Now for something completely different. The Washington Post has a “Post Everything” section where it posts opinion pieces from people who aren’t regular writers for the paper. Today, the Post published a piece that really seemed out there. It’s titled, “Thanks for not raping us, all you ‘good men.’ But it’s not enough.”

If you guessed from the title that this is not going to be a carefully reasoned piece, you guessed right. It opens with author Victoria Bissell Brown, a retired history professor, screaming at her husband over something she admits was a very trivial comment:

I yelled at my husband last night. Not pick-up-your-socks yell. Not how-could-you-ignore-that-red-light yell. This was real yelling. This was 30 minutes of from-the-gut yelling. Triggered by a small, thoughtless, dismissive, annoyed, patronizing comment. Really small. A micro-wave that triggered a hurricane. I blew. Hard and fast. And it terrified me. I’m still terrified by what I felt and what I said. I am almost 70 years old. I am a grandmother. Yet in that roiling moment, screaming at my husband as if he represented every clueless male on the planet (and I every angry woman of 2018), I announced that I hate all men and wish all men were dead. If one of my grandchildren yelled something that ridiculous, I’d have to stifle a laugh.

I guess it’s good that she knows how ridiculous this sounds. But does she really know? Because the rest of the article is basically an argument for more rage at men, at least I think it is to the degree it’s coherent at all.

In the centuries of feminist movements that have washed up and away, good men have not once organized their own mass movement to change themselves and their sons or to attack the mean-spirited, teasing, punching thing that passes for male culture. Not once. Bastards. Don’t listen to me. Listen to each other. Talk to each other. Earn your power for once.

This is wrong and also offensive (not that I suspect the author cares). There is a long history of men who have sought to restrain the baser impulses of other men. They are called fathers. These days there are plenty of absent ones and I’m sure there were always bad ones but a lot of fathers have taught their sons to respect women from an early age and, to be blunt, not to be rapists and bastards. The idea that there are no men engaged in promoting respect for women is nonsense.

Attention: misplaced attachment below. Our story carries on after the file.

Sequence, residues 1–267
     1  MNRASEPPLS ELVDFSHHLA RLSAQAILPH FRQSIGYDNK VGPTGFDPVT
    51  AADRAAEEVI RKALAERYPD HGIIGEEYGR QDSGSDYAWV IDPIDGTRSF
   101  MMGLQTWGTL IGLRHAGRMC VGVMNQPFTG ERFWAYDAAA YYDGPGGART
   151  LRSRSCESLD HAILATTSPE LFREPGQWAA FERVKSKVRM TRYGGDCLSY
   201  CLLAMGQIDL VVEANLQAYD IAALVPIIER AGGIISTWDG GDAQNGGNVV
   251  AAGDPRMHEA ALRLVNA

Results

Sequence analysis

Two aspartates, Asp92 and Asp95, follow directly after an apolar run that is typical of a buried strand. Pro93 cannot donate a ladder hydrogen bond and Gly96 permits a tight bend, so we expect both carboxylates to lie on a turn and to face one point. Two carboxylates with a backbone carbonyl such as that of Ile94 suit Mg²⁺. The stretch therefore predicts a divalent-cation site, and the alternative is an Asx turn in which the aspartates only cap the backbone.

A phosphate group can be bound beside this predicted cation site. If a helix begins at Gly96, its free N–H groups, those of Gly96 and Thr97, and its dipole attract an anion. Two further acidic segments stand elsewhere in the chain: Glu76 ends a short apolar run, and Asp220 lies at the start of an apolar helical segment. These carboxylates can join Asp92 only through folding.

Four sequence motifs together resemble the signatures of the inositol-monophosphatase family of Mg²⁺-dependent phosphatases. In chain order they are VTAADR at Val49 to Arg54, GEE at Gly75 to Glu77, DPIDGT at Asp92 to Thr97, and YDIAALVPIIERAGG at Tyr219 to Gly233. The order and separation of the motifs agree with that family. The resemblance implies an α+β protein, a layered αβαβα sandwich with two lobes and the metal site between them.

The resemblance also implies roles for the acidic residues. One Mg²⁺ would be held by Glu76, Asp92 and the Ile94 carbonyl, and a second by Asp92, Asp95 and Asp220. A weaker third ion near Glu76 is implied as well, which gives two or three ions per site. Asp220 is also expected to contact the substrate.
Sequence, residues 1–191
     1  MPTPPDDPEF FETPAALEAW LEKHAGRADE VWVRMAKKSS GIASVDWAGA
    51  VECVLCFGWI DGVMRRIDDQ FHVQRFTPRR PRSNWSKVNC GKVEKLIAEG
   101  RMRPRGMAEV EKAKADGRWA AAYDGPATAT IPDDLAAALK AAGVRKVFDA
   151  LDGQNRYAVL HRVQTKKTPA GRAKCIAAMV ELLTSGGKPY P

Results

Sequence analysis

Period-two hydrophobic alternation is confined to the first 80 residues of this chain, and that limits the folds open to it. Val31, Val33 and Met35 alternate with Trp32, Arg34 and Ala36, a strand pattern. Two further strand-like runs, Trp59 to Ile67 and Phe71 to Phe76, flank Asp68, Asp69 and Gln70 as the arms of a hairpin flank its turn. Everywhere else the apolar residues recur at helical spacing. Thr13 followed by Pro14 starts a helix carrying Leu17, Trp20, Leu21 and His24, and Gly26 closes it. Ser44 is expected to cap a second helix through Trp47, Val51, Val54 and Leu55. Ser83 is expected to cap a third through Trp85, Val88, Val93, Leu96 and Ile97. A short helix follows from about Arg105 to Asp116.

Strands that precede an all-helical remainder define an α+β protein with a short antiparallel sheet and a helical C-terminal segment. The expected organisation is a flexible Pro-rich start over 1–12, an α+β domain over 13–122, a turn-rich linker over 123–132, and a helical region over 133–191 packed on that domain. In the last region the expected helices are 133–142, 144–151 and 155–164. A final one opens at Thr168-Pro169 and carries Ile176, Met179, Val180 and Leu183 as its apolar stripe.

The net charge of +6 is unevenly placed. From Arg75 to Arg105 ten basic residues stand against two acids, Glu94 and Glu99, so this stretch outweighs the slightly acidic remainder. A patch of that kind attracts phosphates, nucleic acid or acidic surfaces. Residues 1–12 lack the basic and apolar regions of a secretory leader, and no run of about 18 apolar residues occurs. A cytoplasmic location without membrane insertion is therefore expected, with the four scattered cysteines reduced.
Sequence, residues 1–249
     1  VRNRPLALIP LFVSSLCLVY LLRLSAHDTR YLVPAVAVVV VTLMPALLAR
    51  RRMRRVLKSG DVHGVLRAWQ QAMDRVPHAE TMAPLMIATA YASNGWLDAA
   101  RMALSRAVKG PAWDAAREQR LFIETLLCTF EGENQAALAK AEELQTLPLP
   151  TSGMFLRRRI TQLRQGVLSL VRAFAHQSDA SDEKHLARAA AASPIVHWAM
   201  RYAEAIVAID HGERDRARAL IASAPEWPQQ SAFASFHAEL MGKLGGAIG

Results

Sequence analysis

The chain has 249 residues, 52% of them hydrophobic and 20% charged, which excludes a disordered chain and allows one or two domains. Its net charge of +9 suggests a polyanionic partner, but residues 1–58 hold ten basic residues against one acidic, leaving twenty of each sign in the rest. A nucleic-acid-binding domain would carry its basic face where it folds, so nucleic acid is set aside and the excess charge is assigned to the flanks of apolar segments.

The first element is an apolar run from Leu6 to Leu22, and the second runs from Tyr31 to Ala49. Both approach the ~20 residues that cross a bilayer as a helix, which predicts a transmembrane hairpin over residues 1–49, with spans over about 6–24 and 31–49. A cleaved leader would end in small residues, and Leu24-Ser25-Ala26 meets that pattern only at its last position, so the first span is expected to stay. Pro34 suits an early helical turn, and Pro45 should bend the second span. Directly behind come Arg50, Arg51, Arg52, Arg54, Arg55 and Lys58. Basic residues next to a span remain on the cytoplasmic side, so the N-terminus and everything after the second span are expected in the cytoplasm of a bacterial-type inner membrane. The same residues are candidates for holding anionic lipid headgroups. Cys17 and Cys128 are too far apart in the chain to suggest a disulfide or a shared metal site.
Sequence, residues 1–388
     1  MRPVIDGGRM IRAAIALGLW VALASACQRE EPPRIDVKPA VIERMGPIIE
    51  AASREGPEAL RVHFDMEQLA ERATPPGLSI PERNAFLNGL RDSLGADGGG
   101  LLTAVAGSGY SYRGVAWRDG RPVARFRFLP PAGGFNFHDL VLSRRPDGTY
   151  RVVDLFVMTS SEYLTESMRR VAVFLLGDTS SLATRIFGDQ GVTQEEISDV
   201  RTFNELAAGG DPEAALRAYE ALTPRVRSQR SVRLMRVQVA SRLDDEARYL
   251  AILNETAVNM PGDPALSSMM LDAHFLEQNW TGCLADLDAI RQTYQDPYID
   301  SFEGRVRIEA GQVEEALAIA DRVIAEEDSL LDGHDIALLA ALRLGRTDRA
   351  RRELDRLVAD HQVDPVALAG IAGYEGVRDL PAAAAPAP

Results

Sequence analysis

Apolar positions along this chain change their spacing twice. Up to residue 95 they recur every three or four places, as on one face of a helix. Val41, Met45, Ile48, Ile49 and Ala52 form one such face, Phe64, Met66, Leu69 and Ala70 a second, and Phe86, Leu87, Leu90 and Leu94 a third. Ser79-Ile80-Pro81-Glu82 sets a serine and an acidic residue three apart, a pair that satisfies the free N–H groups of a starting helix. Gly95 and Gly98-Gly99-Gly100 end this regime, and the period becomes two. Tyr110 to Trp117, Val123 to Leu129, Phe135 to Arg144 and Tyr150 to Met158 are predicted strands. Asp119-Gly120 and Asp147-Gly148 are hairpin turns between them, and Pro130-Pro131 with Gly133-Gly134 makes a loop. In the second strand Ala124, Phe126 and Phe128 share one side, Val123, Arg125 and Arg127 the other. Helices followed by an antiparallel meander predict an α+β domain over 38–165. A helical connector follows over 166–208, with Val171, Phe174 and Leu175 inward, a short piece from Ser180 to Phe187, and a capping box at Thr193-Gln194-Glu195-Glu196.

As for male culture being mean-spirited. Okay, I agree that sometimes in some places it is, but often it’s also supportive and helpful and full of mutual respect that is itself worthy of respect. Wishing all men were dead doesn’t seem to allow a lot of room for any of that nuance. Shouting at the men who aren’t the problem makes about as much sense as screaming at your husband for 30 minutes over a minor comment. What do you hope to accomplish?

Think about “listen to women” as a program for change. It says to women: You will continue to suffer these abuses, men will continue to do disgusting things to you, the storms will keep coming, the tide will continue to rise, but now, we will listen and help you rebuild.

Pay attention people: If we do not raise boys to walk humbly and care deeply, if we do not demand that men do more than just listen, we will all drown in the flood.

The Kavanaugh confirmation is only mentioned indirectly but that’s clearly what prompted all of this outrage. The problem, of course, is that his accusers did not have much in the way of corroboration for their accusations. Shouldn’t that matter? I think it should but it doesn’t get mentioned.

And after all of this rage we’re just back to ‘teach boys to respect women’ which is a fine message but, again, it’s not as if no one is doing that already. More to the point, it’s not as if no men are doing that already. And if this constitutes mansplaining in the author’s eyes, so be it. Someone needs to say ‘get a grip’ and it might as well be me.